Once again, Brian Boyd breaks into his retirement to expound the virtues of A Curriculum for Excellence (TESS August 28). Once more, we have an article singing the praises of ACfE and the need to do more (Keir Bloomer, in the same issue).
May I suggest that the whole venture is misguided? The problems in Scottish schools stem not from the fact that the curriculum is inadequate or unsuited to the needs of individuals, but from the fact that people like Boyd and Bloomer diminished schools' abilities to deal with disciplinary problems a decade or so back.
Their forerunners - the "experts" of the 1990s who, safe from their vantage point in an office or in a teacher training institute, miles away from any practical experience with children - suggested that exclusion, and other forms of punishment, were bad ("exclusion from school is the beginning of exclusion from society" I think was their motto). It was to be seen somehow as a failure on the schools' part, an attitude that survives to this day: witness the appeal generated by such statements as "pupil exclusions . are down by 41 per cent" in Glasgow.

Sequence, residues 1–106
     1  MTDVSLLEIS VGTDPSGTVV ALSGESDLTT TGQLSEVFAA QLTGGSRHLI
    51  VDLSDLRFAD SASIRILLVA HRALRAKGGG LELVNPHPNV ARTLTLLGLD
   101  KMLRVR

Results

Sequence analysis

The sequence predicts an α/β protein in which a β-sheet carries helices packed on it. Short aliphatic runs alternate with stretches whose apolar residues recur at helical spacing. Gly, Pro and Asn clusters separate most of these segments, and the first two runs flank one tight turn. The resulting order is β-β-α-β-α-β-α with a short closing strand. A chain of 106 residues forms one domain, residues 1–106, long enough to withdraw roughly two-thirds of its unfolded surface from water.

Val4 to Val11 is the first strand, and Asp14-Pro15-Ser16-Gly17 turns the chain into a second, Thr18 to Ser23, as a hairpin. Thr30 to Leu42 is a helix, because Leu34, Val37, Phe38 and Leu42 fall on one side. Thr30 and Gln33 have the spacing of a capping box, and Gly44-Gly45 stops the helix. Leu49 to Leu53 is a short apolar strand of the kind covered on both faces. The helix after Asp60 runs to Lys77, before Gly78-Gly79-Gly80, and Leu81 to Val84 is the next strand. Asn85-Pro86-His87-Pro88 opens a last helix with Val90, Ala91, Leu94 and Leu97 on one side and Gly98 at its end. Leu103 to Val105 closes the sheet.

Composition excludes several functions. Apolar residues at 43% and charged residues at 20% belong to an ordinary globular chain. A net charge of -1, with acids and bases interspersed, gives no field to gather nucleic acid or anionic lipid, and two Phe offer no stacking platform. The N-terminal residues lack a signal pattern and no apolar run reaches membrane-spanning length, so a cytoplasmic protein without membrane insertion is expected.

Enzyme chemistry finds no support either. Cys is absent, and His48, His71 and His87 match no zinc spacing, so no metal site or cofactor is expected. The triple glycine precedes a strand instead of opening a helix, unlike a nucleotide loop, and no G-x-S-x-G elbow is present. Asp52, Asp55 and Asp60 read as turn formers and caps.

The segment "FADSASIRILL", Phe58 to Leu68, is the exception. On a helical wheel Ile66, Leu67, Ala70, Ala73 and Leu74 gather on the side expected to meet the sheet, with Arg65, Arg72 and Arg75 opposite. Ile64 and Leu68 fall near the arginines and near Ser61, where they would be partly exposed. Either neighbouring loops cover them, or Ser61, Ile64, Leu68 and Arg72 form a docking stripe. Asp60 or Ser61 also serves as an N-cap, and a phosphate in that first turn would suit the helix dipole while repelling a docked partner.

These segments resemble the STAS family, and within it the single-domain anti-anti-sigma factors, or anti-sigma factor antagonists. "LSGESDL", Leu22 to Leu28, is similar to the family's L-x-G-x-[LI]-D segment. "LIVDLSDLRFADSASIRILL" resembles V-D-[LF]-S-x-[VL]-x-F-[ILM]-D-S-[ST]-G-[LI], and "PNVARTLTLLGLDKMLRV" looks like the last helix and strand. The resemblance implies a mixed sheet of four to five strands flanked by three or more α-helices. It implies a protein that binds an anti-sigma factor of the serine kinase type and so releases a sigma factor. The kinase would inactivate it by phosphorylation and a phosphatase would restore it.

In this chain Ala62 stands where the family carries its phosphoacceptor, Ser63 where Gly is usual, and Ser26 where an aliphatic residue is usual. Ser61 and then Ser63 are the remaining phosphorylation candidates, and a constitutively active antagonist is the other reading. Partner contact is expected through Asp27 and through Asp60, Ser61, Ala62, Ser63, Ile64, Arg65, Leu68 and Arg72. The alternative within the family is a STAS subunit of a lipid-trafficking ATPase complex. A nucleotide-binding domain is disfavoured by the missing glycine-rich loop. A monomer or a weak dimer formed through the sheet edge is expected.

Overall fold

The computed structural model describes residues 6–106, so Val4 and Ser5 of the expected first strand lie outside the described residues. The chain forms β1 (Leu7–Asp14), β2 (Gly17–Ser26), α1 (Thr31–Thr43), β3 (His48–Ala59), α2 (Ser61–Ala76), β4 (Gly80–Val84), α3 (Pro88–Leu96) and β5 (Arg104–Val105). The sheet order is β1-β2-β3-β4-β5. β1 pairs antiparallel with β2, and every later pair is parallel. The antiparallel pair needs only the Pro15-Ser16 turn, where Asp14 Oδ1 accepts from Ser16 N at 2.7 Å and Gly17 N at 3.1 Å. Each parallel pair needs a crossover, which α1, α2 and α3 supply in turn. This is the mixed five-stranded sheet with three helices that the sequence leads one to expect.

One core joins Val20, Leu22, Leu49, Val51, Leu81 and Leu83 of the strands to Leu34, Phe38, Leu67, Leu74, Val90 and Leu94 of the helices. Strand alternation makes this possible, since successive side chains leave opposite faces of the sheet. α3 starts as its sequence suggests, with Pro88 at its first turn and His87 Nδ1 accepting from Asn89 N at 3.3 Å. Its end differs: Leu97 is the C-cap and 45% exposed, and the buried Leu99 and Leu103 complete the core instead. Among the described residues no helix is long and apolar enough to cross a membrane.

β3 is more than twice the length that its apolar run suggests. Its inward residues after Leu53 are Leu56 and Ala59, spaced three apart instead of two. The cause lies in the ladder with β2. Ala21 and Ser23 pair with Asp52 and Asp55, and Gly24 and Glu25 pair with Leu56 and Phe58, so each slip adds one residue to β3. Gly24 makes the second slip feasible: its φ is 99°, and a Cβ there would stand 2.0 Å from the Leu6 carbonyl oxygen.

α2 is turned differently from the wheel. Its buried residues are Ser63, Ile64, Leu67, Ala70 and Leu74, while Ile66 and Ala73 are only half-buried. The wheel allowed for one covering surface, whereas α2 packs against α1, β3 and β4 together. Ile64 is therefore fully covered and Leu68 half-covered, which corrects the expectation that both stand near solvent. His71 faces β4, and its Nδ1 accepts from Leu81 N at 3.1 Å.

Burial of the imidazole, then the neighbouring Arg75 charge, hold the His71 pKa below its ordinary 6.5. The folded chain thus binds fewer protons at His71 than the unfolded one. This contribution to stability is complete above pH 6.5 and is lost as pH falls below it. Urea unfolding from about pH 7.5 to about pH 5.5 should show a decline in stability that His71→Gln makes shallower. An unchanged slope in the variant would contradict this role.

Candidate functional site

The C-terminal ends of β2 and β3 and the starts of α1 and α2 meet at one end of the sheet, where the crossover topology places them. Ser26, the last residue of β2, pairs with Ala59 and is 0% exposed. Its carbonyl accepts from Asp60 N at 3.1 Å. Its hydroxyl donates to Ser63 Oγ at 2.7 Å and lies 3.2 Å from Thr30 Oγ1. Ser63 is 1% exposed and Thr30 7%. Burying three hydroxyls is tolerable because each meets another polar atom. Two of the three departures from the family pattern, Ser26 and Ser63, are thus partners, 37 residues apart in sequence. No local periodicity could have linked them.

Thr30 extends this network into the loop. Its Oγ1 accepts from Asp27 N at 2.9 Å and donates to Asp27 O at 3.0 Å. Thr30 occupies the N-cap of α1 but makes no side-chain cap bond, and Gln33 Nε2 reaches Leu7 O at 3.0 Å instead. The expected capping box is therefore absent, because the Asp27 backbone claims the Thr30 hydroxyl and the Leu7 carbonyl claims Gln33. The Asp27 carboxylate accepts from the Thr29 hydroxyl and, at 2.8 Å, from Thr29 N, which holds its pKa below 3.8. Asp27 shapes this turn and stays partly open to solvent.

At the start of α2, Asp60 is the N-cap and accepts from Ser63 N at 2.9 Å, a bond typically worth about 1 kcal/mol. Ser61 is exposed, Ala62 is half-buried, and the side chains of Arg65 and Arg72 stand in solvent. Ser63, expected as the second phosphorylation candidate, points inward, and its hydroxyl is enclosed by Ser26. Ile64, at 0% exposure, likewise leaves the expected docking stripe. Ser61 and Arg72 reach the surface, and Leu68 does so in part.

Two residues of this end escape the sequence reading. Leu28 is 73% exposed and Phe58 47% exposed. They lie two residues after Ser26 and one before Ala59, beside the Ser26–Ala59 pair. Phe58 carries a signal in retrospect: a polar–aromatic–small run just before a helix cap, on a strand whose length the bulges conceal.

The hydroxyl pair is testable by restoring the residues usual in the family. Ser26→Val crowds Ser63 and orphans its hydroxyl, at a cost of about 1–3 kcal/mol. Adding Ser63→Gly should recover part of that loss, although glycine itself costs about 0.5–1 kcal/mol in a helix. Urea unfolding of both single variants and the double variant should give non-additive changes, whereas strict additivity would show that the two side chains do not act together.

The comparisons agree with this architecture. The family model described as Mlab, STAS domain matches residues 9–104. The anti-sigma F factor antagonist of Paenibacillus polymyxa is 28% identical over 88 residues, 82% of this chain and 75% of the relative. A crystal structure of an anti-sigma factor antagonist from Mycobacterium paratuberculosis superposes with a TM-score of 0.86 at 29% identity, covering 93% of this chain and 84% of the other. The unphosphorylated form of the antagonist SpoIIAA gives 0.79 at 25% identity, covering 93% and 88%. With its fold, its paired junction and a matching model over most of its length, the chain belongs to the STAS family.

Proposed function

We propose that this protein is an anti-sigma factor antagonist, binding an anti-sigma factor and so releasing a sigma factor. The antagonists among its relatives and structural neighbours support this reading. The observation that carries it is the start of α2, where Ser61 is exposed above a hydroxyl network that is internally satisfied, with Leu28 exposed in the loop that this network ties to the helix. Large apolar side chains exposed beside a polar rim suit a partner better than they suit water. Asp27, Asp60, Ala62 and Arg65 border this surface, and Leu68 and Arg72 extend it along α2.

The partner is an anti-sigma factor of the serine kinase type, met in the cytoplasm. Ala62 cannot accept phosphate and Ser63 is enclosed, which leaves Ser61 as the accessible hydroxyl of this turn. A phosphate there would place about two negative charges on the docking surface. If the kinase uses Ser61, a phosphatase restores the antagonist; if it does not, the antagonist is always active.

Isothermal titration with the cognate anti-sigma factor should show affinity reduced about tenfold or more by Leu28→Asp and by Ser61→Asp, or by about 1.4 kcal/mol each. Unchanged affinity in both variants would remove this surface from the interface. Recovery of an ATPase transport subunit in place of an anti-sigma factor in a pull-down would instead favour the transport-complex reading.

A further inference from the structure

This tendency by people who walk away from the classroom, and those who want to climb up the promotional ladder in education (a journey only possible if one embraces all these changes) to influence and decide educational policy, is what turned a once great education system into what it is today.
I suggest that, instead of indulging these people further, it is time to return to what was once good about Scottish education. The system is failing some people not because what we are teaching them is inadequate, but because the measures we once had in place to deal with offenders have been eroded.
As a teacher, I see no value in spending time filling in forms with outcomes and experiences. This will not benefit a single child that I teach, merely provide further justification for the jobs of Boyd, Bloomer et al.
Name and address supplied.